Gamevy Gets it Pitch Perfect

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Introduction to Gamevy

Gamevy is a company that proves that the exposure of start-up competitions – in this company’s case Pitch ICE in 2015 – really can benefit innovative enterprises that are aimed at introducing new concepts to the online gambling industry. In the first of a two-part profile, marketing director Helen Walton describes how the team behind Gamevy came to the industry blind, and how their exposure to the Totally Gaming ICE show helped not only introduce them to potential clients but also saw them change their strategy altogether in terms of the potential clients. “We learnt a lot as we were giving our presentation,” says Walton. “We honed the pitch in the process of giving it because you learn what’s appealing for people, what people are nervous about, what they criticise or attack or challenge, and that helps you refine your pitch. That’s incredibly powerful. Pitch ICE got us our first two sales and out first big tranche of investment. It changed our strategy; it clarified out route to market.”

Gamcrowd: Which show did you take part in?

Helen Walton: We started off taking part in Pitch ICE. We had been a start-up for about a year and a half. We had been there before – very much as visitors – and we weren’t even certain that we wanted to do Pitch ICE. Ideally, we would have wanted it a month later; more of our products would have been ready we would to our GC licence by then, at which point we thought we would be in a better position to present ourselves But things happen when they happen, not when you are ready for them and we really didn’t want to wait another year. 
It turned out to be absolutely the right decision. We made our pitch video, we went along. We decided quite quickly that we were probably more prepared that most of the other start-ups there. We had a slightly larger team, we had been working together longer and we had experience of building start-ups within other industries. That was our advantage; but our disadvantage was that we had far less experience of the gambling industry than anyone else there.

Gamcrowd: What do you think is more important – knowledge of the industry in which you are trying to enter, or knowledge of how to build a start-up?

HW: We always felt that it was kind of an advantage that we are not blinkered in any way by pre-existing conceptions of how the gambling industry ought to work. It make some things much harder for us. No question we found getting a licence harder. We find getting conversation with people slightly harder because we don’t have a ready-made network. But I think that is more than outweighed because we challenge things – without even thinking about it – that other people keep telling us are impossible. We were told several times that there was no way you can make a skill game work; ‘it’s ridiculous, you’ll have terrible problems with the GC; customers will hate it; it this isn’t what people like’. We got the whole range from people who have done all their testing on a small group of customers who are very content with slots and casino games the way they are; and therefore struggle to see that it’s all the people that they don’t test who we wanted to target.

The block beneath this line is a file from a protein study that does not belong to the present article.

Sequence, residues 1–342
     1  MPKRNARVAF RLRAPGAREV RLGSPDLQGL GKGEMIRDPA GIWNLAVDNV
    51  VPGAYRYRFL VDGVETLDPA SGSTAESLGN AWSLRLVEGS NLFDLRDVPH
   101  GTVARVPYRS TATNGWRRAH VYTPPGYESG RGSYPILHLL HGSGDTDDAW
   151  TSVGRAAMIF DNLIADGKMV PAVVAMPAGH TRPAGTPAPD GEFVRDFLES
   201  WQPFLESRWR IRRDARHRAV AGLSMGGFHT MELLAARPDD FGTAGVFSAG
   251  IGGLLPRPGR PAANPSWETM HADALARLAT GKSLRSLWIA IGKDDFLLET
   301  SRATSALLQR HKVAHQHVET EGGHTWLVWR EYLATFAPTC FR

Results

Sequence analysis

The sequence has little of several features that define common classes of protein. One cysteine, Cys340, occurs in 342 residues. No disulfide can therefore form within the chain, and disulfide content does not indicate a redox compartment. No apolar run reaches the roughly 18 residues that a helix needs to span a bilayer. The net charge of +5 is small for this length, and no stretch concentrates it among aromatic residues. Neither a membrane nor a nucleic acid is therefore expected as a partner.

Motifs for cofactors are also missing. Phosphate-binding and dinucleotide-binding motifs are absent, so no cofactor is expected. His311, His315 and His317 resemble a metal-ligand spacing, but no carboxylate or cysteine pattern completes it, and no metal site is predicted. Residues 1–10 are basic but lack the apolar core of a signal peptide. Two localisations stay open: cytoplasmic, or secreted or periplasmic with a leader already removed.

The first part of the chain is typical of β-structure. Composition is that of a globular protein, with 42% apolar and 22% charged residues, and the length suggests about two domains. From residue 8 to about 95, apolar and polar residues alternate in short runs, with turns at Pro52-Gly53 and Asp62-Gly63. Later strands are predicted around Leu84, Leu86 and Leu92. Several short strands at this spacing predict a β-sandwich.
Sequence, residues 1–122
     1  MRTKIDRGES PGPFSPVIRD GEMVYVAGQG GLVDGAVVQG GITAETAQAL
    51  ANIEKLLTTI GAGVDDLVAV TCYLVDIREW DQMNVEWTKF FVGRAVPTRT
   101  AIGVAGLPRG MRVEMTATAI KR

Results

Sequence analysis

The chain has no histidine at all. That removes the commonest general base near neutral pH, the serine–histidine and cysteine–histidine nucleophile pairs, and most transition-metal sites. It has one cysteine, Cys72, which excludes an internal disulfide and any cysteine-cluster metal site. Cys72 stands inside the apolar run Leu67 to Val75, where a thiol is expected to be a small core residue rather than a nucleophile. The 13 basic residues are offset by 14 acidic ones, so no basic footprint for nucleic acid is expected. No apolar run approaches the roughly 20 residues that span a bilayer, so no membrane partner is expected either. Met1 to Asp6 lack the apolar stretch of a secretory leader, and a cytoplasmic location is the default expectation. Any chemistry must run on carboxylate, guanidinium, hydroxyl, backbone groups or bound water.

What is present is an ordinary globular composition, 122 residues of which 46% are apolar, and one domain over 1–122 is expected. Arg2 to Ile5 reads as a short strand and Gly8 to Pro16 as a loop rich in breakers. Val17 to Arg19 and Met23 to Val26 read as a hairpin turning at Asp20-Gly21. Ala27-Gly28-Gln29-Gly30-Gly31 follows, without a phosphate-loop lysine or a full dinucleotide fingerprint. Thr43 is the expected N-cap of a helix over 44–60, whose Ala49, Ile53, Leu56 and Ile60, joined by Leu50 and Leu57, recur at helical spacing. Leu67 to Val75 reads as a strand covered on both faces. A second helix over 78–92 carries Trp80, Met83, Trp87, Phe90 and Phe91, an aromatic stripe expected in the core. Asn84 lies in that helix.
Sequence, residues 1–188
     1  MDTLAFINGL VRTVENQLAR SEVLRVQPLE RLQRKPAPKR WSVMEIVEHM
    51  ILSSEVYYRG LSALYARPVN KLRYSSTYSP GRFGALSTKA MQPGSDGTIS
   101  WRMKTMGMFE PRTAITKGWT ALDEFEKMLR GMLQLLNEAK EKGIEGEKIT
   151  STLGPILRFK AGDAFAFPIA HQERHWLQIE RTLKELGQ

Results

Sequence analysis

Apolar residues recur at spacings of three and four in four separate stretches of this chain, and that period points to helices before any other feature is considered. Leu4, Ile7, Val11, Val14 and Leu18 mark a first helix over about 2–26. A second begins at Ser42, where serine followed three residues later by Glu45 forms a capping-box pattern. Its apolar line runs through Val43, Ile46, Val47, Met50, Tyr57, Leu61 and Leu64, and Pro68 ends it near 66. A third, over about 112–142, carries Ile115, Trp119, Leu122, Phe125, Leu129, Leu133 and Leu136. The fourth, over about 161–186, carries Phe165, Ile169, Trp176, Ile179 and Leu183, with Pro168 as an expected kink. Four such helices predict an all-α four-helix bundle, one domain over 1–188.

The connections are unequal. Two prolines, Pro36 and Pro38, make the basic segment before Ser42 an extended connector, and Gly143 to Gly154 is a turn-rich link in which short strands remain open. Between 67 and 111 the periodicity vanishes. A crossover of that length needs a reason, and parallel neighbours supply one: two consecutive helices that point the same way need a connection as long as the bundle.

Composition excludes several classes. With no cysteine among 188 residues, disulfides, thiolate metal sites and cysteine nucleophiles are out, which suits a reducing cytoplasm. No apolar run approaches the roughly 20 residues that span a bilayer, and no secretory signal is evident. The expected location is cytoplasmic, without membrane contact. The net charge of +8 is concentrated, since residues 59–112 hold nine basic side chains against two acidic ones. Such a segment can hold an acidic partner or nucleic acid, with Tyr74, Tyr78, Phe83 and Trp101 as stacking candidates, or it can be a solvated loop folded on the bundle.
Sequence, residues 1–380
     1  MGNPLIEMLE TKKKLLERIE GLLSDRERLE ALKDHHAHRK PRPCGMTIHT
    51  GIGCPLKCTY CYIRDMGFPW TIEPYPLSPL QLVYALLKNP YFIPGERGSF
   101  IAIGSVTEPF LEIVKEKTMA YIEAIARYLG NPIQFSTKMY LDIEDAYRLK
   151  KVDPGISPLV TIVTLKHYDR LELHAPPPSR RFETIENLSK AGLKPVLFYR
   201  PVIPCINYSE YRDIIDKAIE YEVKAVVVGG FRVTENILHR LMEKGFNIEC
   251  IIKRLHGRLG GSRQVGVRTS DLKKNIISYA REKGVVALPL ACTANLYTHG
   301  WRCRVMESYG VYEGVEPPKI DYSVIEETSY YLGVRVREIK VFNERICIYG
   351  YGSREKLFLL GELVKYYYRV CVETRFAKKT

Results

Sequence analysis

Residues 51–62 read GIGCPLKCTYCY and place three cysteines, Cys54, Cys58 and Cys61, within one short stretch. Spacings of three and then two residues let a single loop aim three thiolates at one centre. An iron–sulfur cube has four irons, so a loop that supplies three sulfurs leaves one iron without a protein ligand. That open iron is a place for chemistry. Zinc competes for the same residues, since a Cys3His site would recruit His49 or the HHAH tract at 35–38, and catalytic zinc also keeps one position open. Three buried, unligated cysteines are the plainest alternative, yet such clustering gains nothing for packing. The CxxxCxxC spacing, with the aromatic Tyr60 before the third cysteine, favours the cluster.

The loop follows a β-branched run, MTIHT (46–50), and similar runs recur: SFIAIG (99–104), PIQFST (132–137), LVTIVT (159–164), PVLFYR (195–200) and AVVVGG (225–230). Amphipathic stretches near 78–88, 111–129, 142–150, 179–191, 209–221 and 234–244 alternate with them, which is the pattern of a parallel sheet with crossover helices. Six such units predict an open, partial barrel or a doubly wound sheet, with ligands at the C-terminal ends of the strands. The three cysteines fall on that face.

Gamcrowd: How amenable did you find the Gambling Commission?

HW: They are certainly not easy to approach. There was no sense of ‘let us help you through 
this process’. They weren’t start-up friendly. We talked about how handy it would be to have a start-up licence, to allow you to run a beta version to a small group, perhaps with some kind of stake return element. I can see ways it might be made safe and responsible, but that doesn’t exist and I can’t se it becoming a priority for the Commission any time soon. It’s not their job to encourage innovation with in the industry.

Gamcrowd: But do you think they should be raising very high hurdles for new licensees?

HW: Their role is to protect the consumer and if their view is that to do that the hurdles need to be sufficiently high tat lot so work has been done; that’s not bad for a public body, but how start-ups cope with that is a different question.

Gamcrowd: It’s red tape?

HW: And now we’re through, we like every other gambling company are quite happy to raise the barrier to entry for everybody else!

Gamcrowd: When it came to the show, was it very useful?

HW: It was astonishingly useful for us. It has to be said, you have to do your work ahead of ICE. Of the 400 emails we sent out saying ‘let’s meet at ICE’, you’ll four meetings ahead of the show and four at the time. The pre-work is as important as being there, and the post work of chasing the other 396 emails. We learnt a lot as we were giving our presentation. We honed the pitch in the process of giving it because you learn what’s appealing for people, what people are nervous about, what they criticise or attack or challenge, and that helps you refine your pitch. That’s incredibly powerful. Pitch ICE got us our first two sales and out first big tranche of investment. It changed our strategy; it clarified out route to market.

In part two Walton talks about how the company’s change of strategy led it to its new investor, Lottoland, and how the conversations with the lottery sector led it to rethinking its possible addressable market. Helen Walton will be writing a monthly column for GamCrtowd as of January.